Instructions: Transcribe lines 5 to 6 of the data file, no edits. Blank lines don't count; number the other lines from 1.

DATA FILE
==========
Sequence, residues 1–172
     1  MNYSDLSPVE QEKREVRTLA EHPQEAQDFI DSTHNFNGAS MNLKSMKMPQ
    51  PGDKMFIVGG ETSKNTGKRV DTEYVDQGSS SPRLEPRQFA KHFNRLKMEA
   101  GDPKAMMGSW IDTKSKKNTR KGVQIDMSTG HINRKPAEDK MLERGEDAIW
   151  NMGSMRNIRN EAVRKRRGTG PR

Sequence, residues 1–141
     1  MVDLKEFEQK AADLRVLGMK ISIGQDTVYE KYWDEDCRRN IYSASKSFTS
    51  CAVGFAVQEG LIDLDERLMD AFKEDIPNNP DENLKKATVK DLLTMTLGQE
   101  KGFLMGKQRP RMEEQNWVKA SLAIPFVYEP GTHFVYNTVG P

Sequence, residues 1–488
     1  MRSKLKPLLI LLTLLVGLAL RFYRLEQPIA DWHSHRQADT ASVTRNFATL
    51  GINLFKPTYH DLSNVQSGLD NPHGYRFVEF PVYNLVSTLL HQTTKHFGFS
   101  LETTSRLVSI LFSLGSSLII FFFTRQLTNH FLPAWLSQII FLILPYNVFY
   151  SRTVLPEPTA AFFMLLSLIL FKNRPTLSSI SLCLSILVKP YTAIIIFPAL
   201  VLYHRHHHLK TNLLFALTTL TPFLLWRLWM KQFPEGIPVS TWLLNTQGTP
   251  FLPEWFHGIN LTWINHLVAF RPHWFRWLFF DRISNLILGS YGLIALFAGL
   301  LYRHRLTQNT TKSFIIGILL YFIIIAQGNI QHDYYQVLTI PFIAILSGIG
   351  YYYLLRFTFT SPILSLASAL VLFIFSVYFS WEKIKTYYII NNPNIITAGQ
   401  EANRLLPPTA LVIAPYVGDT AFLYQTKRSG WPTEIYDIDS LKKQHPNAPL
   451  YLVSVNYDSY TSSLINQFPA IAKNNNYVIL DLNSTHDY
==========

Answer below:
   151  NMGSMRNIRN EAVRKRRGTG PR

Sequence, residues 1–141